Editor’s Note: The following is a guest post by Marc Horne, founder of Daily Deal Builder, an Atlanta based provider of daily deal software solutions.
This week LivingSocial has announced layoffs of roughly 9% of its workforce. Groupon has decided to keep Andrew Mason on as CEO after nearly removing him from the job last week. There’s a lot of chatter out there about whether this is the beginning of the end of the deal industry or whether it’s just growing pains the space is going through.
My good friend and colleague Boyan Josic got it right when, quoted by Upstart Business Journal, he made it clear that the big players took on a bunch of investor dollars in order to ramp up growth as quickly as possible in order to maximize investor returns. The problem with this strategy is that not everyone wins when the business does not focus on building and maintaining healthy relationships with the vendors who post deals on their sites.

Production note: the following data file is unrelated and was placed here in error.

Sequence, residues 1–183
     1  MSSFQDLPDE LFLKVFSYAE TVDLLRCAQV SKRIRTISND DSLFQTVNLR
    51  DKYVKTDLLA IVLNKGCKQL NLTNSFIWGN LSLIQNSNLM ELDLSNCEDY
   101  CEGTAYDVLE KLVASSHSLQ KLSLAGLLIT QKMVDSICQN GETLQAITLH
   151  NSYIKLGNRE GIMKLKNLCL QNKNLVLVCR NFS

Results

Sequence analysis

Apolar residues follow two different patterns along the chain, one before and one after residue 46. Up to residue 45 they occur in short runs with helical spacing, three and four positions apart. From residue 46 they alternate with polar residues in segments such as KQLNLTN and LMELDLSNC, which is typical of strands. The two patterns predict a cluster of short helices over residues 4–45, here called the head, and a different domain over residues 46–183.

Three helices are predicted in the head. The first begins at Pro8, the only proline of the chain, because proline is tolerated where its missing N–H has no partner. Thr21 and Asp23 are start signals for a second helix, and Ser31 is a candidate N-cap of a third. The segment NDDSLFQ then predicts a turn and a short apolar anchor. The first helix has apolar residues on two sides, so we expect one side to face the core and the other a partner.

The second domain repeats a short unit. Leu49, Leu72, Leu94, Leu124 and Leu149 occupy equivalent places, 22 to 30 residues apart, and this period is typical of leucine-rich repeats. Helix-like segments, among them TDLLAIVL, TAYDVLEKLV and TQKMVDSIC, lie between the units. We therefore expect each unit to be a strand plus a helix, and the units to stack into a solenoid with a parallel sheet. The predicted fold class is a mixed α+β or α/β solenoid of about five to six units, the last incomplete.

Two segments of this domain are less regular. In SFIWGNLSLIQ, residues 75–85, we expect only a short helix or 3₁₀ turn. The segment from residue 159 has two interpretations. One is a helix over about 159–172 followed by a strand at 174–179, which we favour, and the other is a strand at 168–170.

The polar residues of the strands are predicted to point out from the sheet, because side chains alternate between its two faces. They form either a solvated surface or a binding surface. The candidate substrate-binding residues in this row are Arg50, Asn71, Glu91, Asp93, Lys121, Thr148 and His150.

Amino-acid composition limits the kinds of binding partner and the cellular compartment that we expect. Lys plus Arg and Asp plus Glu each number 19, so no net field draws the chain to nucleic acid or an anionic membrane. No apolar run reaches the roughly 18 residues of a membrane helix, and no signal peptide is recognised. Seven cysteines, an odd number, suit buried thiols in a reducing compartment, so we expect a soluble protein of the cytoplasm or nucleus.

When the vision of the business is the return on investment for hundreds of millions of dollars, a company glosses over its long term growth strategy which involves making sure it’s vendors are not only educated about how the deal industry functions, but also helping to prepare vendors to fully capitalize on their deal site offering; not just in terms of revenue today, but also in terms of acquiring long term customers.
The big players have completely failed in this regard.
And it’s my opinion that they are now paying the price in terms of this recent ‘correction’ in their business structures in order to achieve greater efficiency.
Now what’s interesting, and this is something we at Daily Deal Builder have been saying for a few years now, is that a handful of retailers have taken the deal industry into their own hands, and also local and niche specific deal sites are not only still expanding but also still coming online. The retailers and the local and niche specific deal sites are continuing to take market share from the big deal site players and we don’t see this stopping any time soon.